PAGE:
Democracy was first built on a lot of loose rock.
Can democracy now be rebuilt on that very same ground?
Recently, I spent a long afternoon on a dusty and rocky Athens hill called the Pnyx for the first meeting of a novel assembly inspired by the past.
It was the most audacious and beautiful democratic event I’ve ever witnessed.
The Pnyx rises just west of the Acropolis. There, the ancient Athenian Ecclesia, consisting of local citizens mostly chosen by lot, gathered more than 100 generations ago to make all important government decisions. No assembly had met there since 322 B.C.E—until that warm early fall night.
This new People’s Assembly was open to anyone, unlike its ancient Athenian predecessor, which excluded women, slaves, and foreigners. Indeed, the 92 attendees I counted were roughly split between men and women, and included people from more than 15 European countries, plus a few visitors from other continents.
But the transformational potential of this People’s Assembly goes far beyond inclusion. If its members can establish their assembly in the governance of Europe, it might change everything we think we know about democracy.
“Citizens of Athens, citizens of the world,” declared Kalypso Nicolaidis, a Franco-Greek scholar who helps lead the assembly and is chair in global affairs at the European University’s School of Transnational Governance, “we would like to invite you to change yourselves.”
Around the world, democracy is seen as a system in which the public, through elections, chooses its representatives. But the People’s Assembly wouldn’t consist of elected politicians. Instead, it would be composed of everyday people, chosen by lottery processes that ensure that the body is a demographic mirror of the people it represents.
These wouldn’t be just the people of one city, or one province, or even one nation. The People’s Assembly would be a transnational body, with members selected by lottery to represent all of Europe. There’s no body like that on Earth.
But what truly sets apart the idea—and what would make it revolutionary—is its permanence.
Assemblies chosen by lotteries have become increasingly common around the world, especially in Europe and Japan. But almost all of these assemblies are temporary bodies. They are convened to answer some big question or reckon with some thorny problem. They meet for weeks or months or even a year or so. Then they issue their plan or recommendations—and dissolve.
The People’s Assembly would never go away. Certainly, its members would change frequently, often after just months, with a new lottery to refill posts. But it would become a permanent feature of the landscape, its own branch of government.
It also would signal that the age of the elected politician is fading. Politicians are already an unpopular group almost everywhere—corrupted, incompetent, ineffective. Democracy by lottery is appealing because it offers a model to allow citizens to check politicians, and perhaps one day to replace them.
A move away from elected politicians, and toward representatives selected by lottery, also would mean a greater diminishment of elections. Ironically, eliminating or reducing the frequency of elections might be a way to save democracy.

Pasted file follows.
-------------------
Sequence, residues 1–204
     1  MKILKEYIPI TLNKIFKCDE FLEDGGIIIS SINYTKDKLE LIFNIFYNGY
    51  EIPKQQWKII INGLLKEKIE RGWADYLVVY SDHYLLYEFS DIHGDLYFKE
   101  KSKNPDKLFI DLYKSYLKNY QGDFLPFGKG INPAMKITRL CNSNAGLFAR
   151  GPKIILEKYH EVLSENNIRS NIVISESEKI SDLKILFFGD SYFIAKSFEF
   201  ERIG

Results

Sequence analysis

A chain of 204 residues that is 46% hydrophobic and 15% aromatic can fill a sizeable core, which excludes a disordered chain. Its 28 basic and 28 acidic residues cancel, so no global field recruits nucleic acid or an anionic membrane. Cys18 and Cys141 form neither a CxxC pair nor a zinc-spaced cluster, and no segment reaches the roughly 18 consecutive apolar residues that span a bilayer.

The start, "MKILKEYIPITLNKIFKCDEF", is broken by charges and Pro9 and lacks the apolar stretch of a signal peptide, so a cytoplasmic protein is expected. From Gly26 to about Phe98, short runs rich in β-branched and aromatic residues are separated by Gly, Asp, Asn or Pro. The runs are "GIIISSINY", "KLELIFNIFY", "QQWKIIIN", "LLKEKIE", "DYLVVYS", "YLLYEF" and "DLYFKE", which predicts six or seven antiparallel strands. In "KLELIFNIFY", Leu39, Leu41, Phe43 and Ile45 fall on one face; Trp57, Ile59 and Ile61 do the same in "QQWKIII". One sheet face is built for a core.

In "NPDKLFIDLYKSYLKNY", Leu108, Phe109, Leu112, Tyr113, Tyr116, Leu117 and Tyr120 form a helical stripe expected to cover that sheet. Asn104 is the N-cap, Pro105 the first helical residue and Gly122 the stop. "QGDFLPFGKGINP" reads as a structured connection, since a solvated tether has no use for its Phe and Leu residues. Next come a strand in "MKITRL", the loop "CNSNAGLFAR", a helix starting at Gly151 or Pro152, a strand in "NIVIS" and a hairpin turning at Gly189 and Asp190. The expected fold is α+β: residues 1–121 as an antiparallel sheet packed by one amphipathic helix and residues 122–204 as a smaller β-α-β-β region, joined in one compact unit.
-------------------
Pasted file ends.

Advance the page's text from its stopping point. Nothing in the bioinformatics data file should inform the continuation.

In many places, elections no longer reinforce democracy. They are too compromised—by diminishing social trust, by money in politics, by the outsized power of parties and interest groups. Their outcomes often lead to conflict, violence, even war. And elections are routinely used by authoritarians and dictators to gain popular legitimacy.
Which is why a successful, continent-wide People’s Assembly would likely inspire the creation of more such permanent bodies—at the national, provincial and local levels in Europe and elsewhere. In turn, the spread of such assemblies would require changes in political infrastructure, new modes of lobbying, and new kinds of technocratic agencies to support lottery-selected representatives.
How might government and democracy be different in an era of these assemblies? Camille Dobler, a veteran facilitator of assembly processes at the Paris-based Missions Publiques, answers that question in a word: “trans-localism.” By that, she means a fusion of transnational and local governance.
Which makes sense. Assemblies by lot, from those Athenians gathering 2,300 years ago to the new versions today, are fundamentally local tools. Because it’s easiest to assemble with your own neighbors. But in a deeply networked world facing planetary problems of climate and health and war, there is a need for transnational governance.
So, we are likely to see new networks of local and national assemblies that collaborate through transnational bodies, like the People’s Assembly. How such collaborations might best work is one of the most urgent governance questions of the future.
It’s easier to foresee the failure of current democratic structures than the journey to the next forms of democracy. There is so much to figure out—new systems, new demands on everyday people, new modes of collaboration.
So, the people and organizations behind the People’s Assembly have announced that they are embarking on a “Democratic Odyssey” to talk to people across Europe about how they want their assembly, and the future, to work. Next fall, they plan to return to Athens to reconvene the Assembly, and begin its formal work.
“We are ready to get our boots dirty,” Nicolaidis said while standing on that rocky hill.